Software Musings

Tristram’s Curiosity

Posted on: 22/12/2007

Some might claim that, since I rarely watch a video and limit my attendance at the cinema to once per decade, I am not in the position to be a respected film critic. I have, however, watched three different videos (now called DVDs) in the past month. Or rather, I have watched three videos with different titles in the past month. They are all actually the same video.

First I watched the film of Tristram Shandy in the form created in 2005 by Michael Winterbottom. Sterne’s book is probably the best novel ever written in English and I was keen to see how such a erudite book (it’s not many novels that incorporate epistemological jokes based on the assumption that the reader is familiar with Locke’s discussion on the association of ideas) would be set to film.

Then I watched two vidoes that Alison bought me for my birthday: I am Curious (Yellow) and I am Curious (Blue). These are throwbacks, of course, to the films that impressed me as a callow youth (along, somewhat later, with Barbarella, a film I, possibly inappropriately, took a bunch of nuns to see).

The thee films are all films about making films and the effect on the actors and actresses of making the film. Certainly the Curious films do it better (and I notice on the DVD sleeve the comment from John Lahr that “I am Curious seemed to be cinematic Tristram Shandy”.)

In the eponymous Tristram film, Tristram is portrayed through the his actor as a somewhat petty person, keen to establish and fix his rank compared with those around him. I read no such pettiness in the book. The balance between being in the film and being about the film is also much better in Curious: there you can never forget that you are watching a metafilm but the underlying film has by far the larger weight. In Tristram the balance is much more weighted towards the making of the film: I cried out for the actors to get back into character. I am more concerned about Tristram than the actor playing him in the same way that I am more concerned about Lena than the actress playing her. To see how the actor or actress is affected by playing the part is interesting (and possibly at the time of Curious, novel, although some film buff will probably correct me) but the main line should be the story—ultimately the producer can project a more rounded feel for a fictional character than for an actor or actress of whom I’ve never heard (Steve Coogan and Lena Nyman).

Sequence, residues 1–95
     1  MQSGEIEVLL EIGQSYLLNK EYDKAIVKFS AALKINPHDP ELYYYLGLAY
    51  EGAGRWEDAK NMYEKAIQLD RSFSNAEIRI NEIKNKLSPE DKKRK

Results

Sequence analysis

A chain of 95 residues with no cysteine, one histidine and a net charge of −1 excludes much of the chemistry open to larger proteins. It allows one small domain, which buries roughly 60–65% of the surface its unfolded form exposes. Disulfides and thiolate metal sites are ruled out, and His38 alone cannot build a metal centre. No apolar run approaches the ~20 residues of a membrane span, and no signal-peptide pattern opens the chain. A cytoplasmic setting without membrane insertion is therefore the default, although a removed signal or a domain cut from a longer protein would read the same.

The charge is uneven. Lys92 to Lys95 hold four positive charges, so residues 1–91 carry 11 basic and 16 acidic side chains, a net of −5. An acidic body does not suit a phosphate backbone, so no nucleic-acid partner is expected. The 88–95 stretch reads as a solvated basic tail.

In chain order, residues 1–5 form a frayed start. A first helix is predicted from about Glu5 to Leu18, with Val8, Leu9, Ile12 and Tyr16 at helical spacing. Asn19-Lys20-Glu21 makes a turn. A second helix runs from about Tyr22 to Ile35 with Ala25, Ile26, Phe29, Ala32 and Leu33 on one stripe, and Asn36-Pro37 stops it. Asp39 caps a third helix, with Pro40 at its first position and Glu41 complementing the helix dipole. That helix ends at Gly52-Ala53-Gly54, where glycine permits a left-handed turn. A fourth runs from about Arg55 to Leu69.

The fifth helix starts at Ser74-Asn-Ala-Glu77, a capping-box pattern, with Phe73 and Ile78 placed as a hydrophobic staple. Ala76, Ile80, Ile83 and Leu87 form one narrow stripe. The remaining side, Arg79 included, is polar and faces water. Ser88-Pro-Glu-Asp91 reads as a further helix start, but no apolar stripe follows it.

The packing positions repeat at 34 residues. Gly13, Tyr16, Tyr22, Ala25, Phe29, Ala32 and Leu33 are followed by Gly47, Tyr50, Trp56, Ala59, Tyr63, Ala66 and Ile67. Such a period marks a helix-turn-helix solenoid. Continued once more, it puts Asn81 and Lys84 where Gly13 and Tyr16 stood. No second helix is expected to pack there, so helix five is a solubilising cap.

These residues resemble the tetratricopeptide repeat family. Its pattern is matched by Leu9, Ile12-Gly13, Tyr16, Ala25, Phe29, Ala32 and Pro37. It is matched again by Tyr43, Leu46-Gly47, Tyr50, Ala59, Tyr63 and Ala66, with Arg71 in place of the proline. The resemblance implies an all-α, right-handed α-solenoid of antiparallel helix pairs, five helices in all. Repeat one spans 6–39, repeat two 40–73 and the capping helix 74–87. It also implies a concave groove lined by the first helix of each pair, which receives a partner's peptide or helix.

I suppose I ought to address the questions of nudity and sex, two completely unrelated topics in Europe but strangely intertwined in North America, whence I write this posting. Curious and Tristram contain both and Curious was supposedly banned from the USA because of either its nudity or its sex. Frankly I don’t believe that: it was banned from the USA in the mid 1960s because of its strong anti-Vietnam and anti-Military messages using the excuse of the nudity and sex.

In Tristram the nudity is sexual and the sex is completely unnecessary to the plot (I believe that there is some rule these days that all films have to contain some sex in order to be published, irrespective of whether the story needs it). In Curious the nudity is completely non-sexual and the sex is integral to the development of Lena’s (as fiction and as actress) character. The little sex and nudity in Tristram tries to be erotic; the much larger proportion of sex and nudity in Curious is completely anaphrodisiacal.

The DVDs of Curious contain one very powerful scene that the director, Vilgot Sjöman, couldn’t place in the films themselves: the literal unfrocking of the Archbishop. Curious also contains a really nice continuity error: it was obviously filmed either side of the point in 1967 at which Sweden switched to driving on the right-hand side of the road (a strange decision but one that presumably made sense at the time). This means that in some of the scenes the traffic moves on the left, in later scenes on the right and in still later scenes on the left again.

So, I recommend anyone who remembers the 1960s, or wants to remember the 1960s, to buy the DVDs of the Curious films. Don’t bother with the Tristram one because it is much the same done less well.

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Disclaimer

The author of this blog used to be an employee of Nortel. Even when he worked for Nortel the views expressed in the blog did not represent the views of Nortel. Now that he has left, the chances are even smaller that his views match those of Nortel.
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